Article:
A look at the last few years gives a strong indication that the market for spices and India’s role in it will only become stronger and more prominent in the coming years. India holds a dominant position in the spices market and production is far ahead of the competition. Yet, other countries are also seeing the potential and ramping up production.
Trade Value and Volume Have Increased Exponentially
India maintains it’s run as the top producer and exporter of spices on the world map. Between 2005 and 2011, the trade value of India’s spice exports saw a change of 254% from 20 million USD to 140 million USD. At the same time, the volume too saw an increase of 125% from 20,000 metric tonnes to 120,000 metric tonnes between 2005 and 2011.
A majority of Indian states grow one type of spice or the other. But the most prolific spice growers in the country are Karnataka, Tamil Nadu, Uttar Pradesh, Kerala and Rajasthan. In Northeast India, Nagaland and Manipur are the only states which do not produce enough spices to merit this list.
Meghalaya’s Potential for Growing High Value Spices Waiting to Be Explored
Meghalaya has tremendous as well as significant potential for growing high value spices. The state remains largely unexplored and the potential is locked up. The rich biodiversity, diverse climatic zones and varying degrees of elevation makes this state the ideal location for growing different varieties of high value spices.
Distribution of Cultivation Area (in Hectares) Meghalaya 2012-13
Compare to the national average, the numbers on these charts may not mean much. But when one considers how the farmers of Meghalaya have been growing these spices for countless generations, one will begin to see the potential. These farmers know the ins and outs of growing these spices, using the tried and tested methods of cultivating them which have been passed down from one generation to the next.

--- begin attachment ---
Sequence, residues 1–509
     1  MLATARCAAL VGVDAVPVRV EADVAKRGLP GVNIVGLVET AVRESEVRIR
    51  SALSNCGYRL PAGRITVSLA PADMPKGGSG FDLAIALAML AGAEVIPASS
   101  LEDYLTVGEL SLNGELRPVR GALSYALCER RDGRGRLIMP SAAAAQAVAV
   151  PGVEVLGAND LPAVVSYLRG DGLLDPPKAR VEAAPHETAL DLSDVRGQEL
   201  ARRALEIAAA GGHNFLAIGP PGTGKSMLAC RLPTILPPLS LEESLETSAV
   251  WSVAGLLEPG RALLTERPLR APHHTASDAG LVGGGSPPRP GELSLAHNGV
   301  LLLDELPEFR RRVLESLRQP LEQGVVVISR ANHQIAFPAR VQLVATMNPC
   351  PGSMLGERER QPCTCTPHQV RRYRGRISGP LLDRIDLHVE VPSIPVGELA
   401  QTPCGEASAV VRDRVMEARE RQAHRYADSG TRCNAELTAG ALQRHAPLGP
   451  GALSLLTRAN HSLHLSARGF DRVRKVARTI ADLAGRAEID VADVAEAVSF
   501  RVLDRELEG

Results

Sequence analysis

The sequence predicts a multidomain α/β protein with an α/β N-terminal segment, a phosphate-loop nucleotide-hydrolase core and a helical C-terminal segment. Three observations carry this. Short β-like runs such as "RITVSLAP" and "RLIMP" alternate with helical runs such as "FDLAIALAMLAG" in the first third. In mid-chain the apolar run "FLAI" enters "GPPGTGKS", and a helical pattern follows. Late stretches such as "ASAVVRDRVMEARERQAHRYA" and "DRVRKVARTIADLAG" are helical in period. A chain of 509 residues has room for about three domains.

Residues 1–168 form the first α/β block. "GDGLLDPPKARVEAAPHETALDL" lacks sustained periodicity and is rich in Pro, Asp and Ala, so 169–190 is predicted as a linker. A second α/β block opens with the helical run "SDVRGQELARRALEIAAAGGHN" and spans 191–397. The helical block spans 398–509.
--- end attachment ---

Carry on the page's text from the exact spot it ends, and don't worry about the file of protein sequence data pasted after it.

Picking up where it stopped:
Popular Spices in Meghalaya and Cultivated Area
Among the varieties of ginger grown in the state, Nadia has been found to give higher yields of up to about 10 M.T. per hectare. This variety also has least fibre content and the volatile oil content (oleoresin) in dry ginger powder varies between 1.2 to 1.5%.
Popular Spices in Meghalaya and Their Production
Other than these spices, large cardamom has recently been introduced and is slowly becoming popular with the farmers.
Spices from Meghalaya
Climate: Tropical, sub tropical Temperature: 20° - 25° C Soil type: Wide range of soils, moisture retaining but well drained Planting: Kharif – May to June; Rabi - January Harvest: Two to three months after planting Varieties: Bhut jolokia, Bird’s eye chilli, Synteng hot, NP-46, Jwala Capsicum: Chinese giant, Bullnose, Oskosh, California Wonder Pickle (achar): Hungarian, Wax, Local Achar
Climate: Tropical, sub tropical Temperature: 28° - 35° C Soil type: Sandy, red loam, rich in humus Planting: April Harvest: Six months after planting Varieties: Nadia, Suprada, Thingpui, Poona, Rio de Janeiro, Thinglaidong, Tata, Wynad
Climate: Tropical, sub tropical Temperature: 28° - 35° C Soil type: Moisture retaining but well drained Planting: April Harvest: December Varieties: Lakadong, RCT-1, Megha Turmeric-1
Climate: Tropical, humid Temperature: 10° - 40° C Soil type: Wide range of soils, rich in humus and well drained Planting: June to July Harvest: 6 – 7 months after planting Varieties: Panniyur-1, Panniyur-2
Market Trends for Spices in Meghalaya (2015)
Zizira conducted a little study on the potential of growing high value spices in Meghalaya and we discovered that the spices market is not as volatile as other commodities. Turmeric saw a drastic dip in the middle of the year and this could be due to the fact that this period falls between the sowing and the harvesting season.